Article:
- 3 mins read
The Supreme Court ruled on certain limitation issues regarding a misfeasance claim against the directors of Burnden Holdings (UK) Limited. Burnden was a holding company with several trading subsidiaries. Mr and Mrs Fielding (the "Defendants") were its directors and controlling shareholders. One of Burnden's subsidiaries was a company called Vital Energi Utilities Ltd ("Vital").
On 4 October 2007 the Defendants exchanged their shares in Burnden for shares in a new holding company, BHU Holdings Ltd ("BHU") and approved the distribution of the shareholding in Vital to BHU. This shareholding in Vital was later transferred to another new holding company ("VHL") before Mrs Fielding later sold her shareholding in VHL and Burnden went into Liquidation.
On 15 October 2013, the Liquidator issued proceedings for the unlawful distribution of the shareholding in Vital on the basis that the Defendants were trustees and the trust property was the shares in Vital. The Defendants argued that this was outside of the six year limitation period in respect of an action for breach of trust under section 21(3) of the Limitation Act 1980. The Defendants applied for summary judgment on the basis that the claim was time barred. The High Court granted the application.
The Court of Appeal set aside the order for summary judgment on the basis that the limitation period of six years did not apply because section 21(1)(b) provides that there is no limitation period for an action by a beneficiary (in this case Burnden) to recover trust property from a trustee which had been converted to the trustee's use. The Court of Appeal decided that there was an issue as to whether section 32 applied, which provides that if the Defendants concealed a relevant fact, the period of limitation does not begin to run until the Claimant discovers the concealment. The Defendants appealed to the Supreme Court on the application of section 21(1)(b) and section 32 to their position.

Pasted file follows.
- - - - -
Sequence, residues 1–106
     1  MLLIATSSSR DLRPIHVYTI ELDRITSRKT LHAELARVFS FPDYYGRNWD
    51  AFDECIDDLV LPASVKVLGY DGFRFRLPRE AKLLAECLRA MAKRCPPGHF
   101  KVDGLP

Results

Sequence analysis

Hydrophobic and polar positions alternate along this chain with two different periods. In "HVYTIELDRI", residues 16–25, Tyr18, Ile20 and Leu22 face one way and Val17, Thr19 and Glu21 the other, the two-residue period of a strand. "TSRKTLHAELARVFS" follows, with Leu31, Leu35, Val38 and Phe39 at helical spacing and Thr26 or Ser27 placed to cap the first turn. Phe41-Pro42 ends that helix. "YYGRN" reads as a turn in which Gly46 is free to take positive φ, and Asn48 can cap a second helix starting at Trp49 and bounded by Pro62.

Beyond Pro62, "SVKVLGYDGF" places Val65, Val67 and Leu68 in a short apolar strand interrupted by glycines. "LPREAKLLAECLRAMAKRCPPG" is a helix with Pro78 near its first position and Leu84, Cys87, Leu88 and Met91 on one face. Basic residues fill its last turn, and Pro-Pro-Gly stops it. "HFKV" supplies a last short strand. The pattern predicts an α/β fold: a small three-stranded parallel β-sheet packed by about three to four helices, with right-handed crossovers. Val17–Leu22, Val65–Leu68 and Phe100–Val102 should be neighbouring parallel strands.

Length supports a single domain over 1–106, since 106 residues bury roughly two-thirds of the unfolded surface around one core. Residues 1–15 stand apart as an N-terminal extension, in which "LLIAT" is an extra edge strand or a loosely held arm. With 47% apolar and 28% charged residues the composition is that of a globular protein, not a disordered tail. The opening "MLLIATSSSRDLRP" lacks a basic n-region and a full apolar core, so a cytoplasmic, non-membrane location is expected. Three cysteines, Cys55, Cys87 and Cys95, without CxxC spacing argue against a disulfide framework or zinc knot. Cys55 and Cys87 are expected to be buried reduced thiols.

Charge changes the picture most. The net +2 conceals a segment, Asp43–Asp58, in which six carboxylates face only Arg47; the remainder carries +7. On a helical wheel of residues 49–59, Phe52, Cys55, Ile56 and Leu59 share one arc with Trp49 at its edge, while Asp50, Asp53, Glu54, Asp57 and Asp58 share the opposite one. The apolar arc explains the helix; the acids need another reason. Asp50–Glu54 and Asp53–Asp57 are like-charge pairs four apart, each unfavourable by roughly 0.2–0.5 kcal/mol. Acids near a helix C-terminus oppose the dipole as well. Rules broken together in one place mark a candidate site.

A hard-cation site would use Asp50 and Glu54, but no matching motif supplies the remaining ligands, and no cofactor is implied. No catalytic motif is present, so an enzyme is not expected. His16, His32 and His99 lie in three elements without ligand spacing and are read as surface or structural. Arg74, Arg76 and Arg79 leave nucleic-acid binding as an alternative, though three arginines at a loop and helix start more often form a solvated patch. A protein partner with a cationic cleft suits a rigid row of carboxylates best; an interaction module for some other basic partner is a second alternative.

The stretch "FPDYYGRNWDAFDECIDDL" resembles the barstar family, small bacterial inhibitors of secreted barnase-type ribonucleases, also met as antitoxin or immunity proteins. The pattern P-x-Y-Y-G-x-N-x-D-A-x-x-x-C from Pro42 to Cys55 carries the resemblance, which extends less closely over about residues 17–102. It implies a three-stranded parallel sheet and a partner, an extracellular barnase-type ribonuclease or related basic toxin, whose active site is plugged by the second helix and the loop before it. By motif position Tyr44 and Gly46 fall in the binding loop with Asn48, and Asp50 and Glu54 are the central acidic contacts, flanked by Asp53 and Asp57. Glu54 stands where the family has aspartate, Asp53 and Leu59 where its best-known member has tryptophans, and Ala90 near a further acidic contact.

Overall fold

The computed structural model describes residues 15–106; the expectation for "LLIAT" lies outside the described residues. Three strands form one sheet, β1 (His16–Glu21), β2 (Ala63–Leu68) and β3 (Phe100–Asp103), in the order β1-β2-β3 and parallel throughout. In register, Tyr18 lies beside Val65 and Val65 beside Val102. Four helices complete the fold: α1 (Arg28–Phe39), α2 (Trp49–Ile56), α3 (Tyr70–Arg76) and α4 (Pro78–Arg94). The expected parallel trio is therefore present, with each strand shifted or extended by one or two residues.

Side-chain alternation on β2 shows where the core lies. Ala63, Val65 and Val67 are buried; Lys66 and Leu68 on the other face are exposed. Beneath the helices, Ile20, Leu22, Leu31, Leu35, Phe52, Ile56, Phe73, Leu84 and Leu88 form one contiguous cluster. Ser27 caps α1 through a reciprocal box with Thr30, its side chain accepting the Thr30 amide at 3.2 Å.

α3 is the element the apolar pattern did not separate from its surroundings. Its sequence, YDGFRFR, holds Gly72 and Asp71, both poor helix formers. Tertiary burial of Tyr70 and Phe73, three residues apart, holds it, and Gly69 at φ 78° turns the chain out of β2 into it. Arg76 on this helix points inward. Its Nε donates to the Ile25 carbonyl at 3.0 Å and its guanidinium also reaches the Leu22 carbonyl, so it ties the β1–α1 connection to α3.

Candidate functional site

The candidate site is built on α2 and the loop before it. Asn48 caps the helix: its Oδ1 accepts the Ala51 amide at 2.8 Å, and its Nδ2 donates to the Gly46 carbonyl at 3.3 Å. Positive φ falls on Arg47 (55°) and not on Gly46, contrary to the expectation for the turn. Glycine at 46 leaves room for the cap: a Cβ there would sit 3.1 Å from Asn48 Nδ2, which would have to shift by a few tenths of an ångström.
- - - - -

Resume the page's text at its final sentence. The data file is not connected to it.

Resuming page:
The Supreme Court dismissed the appeal and agreed that section 21(1)(b) applied. The Court did not express a final view on section 32.
The Defendants argued that the allegedly misappropriated property remained the property of corporate entities, as the shares were at all times owned by holding companies and never held by the Defendants themselves. The Court found that the Defendants were trustees for the purposes of section 21(1)(b) and Burnden was the beneficiary of the trust, as the Defendants owed fiduciary duties to Burnden and were custodians of its property.
The Supreme Court found that the purpose of section 21(1)(b) was to enable trustees who may have done something legally wrong, but not dishonestly or morally wrong, the benefit of time lapse. However the purpose was not to allow trustees protection where they would benefit from something they ought not have. The conversion to the Defendants' use of trust property was found to be the distribution of the Claimant's shares in Vital to BHU as the Defendants stood to gain an economic benefit by virtue of being the majority shareholders in BHU. The distribution was therefore caught by section 21(1)(b).
The Supreme Court declined to decide on the issue of section 32, as the decision on section 21(1)(b) made the case unsuitable for summary judgment and analysing section 32 in depth would "take the court into a potential minefield of difficulties".
This case is welcome news for office holders pursuing misfeasance actions against directors. It is now settled law that when a director moves company assets to another company in which he is involved, it will be far more difficult to raise limitation as a potential defence (if applicable). For further comment of the implications of this decision in relation to misfeasance actions, please see Katie Farmer's article.